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Symbiotic and Mutually Reinforcing



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Aashish Mishra

 

Democracy and free press are almost synonymous with each other. One cannot exist without the other. Democratic frameworks put provisions in place that guarantee that the press can function without any fear of persecution and a free press ensures transparency, builds a well-informed citizenry and keeps the democracy healthy by providing the people with quality, untainted information. Democracy rests on debates and discussions which are, in turn, created or fostered by the press or, in a larger context, the media.
That is why the media prospers in a democracy and democracy succeeds through the media. This is the case everywhere in the world and by tracking the history of our country, we can see that this is the case in Nepal as well. Although the history of media can be traced back to the Rana era when many magazines and newspapers, including the state-owned publication Gorkhapatra, began publication, its practical history only begins from 1951 after the fall of the Rana regime.
The dawn of democracy meant that, for the first time in history, Nepal’s press was free to report on issues of public concern. Several pioneering journalists seized the moment and heralded the age of modern journalism in Nepal. In fact, Nepal got its first daily newspaper ‘Awaj’ less than 24 hours after the proclamation of democracy on February 18, 1951. The media industry boomed with countless monthlies, biweeklies and weeklies. At the same time, it also got more diverse and inclusive. English, Hindi, Maithili and Nepalbhasa-language publications emerged and women entered the sector with Kamakchha Devi leading the way as the first female journalist of Nepal. Similarly, she and Sadhana Pradhan were also the first female editors of Nepal, editing the magazine ‘Mahila’ in 1951. Radio Nepal started broadcasting regularly and two news agencies were established. Nepali media well and truly was reaping the benefits of the democratic dividend.
But, little did anyone know at the time that this “media boom” was not to last. Media growth is directly proportional to the level of democracy in a nation. Before 1951, Nepal had no democracy and hence, had next to no media. After 1951, Nepal gained never-before-seen freedom and thus, our media landscape exploded with never-before-seen life and vibrancy. But this did not even last a decade. On December 15, 1960, the infamous day of Poush 1, King Mahendra dismissed the elected government, centralised power in his own hands and dismissed democracy.
And with democracy gone, the press boom vanished and the media whittled down to a shadow of what it had become in the preceding years. The political legitimacy and the validity of King Mahendra’s Poush Ek, or as senior journalist and the editor of Nepali Times Kunda Dixit called it, Putsch Ek, can be and has been debated endlessly by intellectuals far superior than the writer of this article is. But everyone agrees that it strangled the media. But this period also saw an unprecedented level of care shown by the state towards the media, albeit care driven mainly by an intention to control.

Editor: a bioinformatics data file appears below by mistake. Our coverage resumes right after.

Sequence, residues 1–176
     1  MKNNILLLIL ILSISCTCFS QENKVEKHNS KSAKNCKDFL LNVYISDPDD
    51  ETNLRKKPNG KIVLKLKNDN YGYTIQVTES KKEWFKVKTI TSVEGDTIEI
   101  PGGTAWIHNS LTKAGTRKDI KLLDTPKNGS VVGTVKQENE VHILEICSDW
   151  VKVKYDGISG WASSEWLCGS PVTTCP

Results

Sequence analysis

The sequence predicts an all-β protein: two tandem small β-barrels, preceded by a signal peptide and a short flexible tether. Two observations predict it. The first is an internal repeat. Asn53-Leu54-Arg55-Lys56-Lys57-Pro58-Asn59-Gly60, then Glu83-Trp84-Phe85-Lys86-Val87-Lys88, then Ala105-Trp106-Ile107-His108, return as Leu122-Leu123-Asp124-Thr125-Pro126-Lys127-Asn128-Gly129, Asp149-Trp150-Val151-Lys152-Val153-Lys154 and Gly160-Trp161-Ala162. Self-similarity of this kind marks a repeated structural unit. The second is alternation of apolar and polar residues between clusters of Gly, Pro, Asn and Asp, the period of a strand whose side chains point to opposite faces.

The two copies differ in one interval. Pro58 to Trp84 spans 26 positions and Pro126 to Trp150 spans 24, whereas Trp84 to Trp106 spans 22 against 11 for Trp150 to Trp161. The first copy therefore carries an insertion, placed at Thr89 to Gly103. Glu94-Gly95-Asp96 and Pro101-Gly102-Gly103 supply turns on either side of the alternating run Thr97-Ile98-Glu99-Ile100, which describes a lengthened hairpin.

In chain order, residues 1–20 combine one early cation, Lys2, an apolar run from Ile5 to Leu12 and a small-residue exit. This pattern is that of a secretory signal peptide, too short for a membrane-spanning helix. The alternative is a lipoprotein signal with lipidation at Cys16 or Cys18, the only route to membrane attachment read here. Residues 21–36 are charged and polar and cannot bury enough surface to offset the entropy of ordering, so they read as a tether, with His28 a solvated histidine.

An autonomous Ministry of Communication was established along with the national news agency the Rastriya Samachar Samiti. The Press Council was founded and Tribhuvan University began teaching journalism which helped Nepali media take a professional turn and start matching global standards. Gorkhapatra became a daily, Radio Nepal’s transmission expanded outside Kathmandu and Nepal entered the television era with the establishment of Nepal Television (NTV). But all this development of infrastructure did not really translate into the development of content. Yes, there was mission journalism but that was more focused on advocating one side rather than impartial, balanced, truthful reporting of facts.
The real growth came after the restoration of democracy in 1990. Press freedom, freedom of expression and the right to information were now constitutionally guaranteed. The private sector grabbed this opportunity with both hands and non-government media, which were previously limited to the fringes, now became mainstream. Nepal’s largest media house, the Kantipur Media Group, is a product of this time.
But, once again, this era of growth and prosperity was not to last. The Maoists started the ‘People’s War’ in 1996 and stagnated the country and its media. There was now an atmosphere of fear. Journalists were targeted, both by the rebels and the state, for publishing materials that went contrary to the propaganda they were peddling. Many reporters feared going to the villages and talking to the people. News of the violence and insecurity overshadowed every other issue. Then, later after King Gyanendra seized power, press freedom reverted to what it was in the Panchayat era i.e. non-existent.
In 2006, Nepal got democracy once again, this time a federal republic democracy. Coupled with the advent and widespread use of the internet and social media, Nepali media moved online and news portals mushroomed. This growth has not stopped to this day.
So, as we mark the 70th democracy day, we in the media fraternity must not take the freedoms we have today for granted. It is our responsibility to safeguard our democracy and make sure that it is not threatened by any force or entity. Any enemy of democracy is an enemy of the media.

(Mishra works at this daily)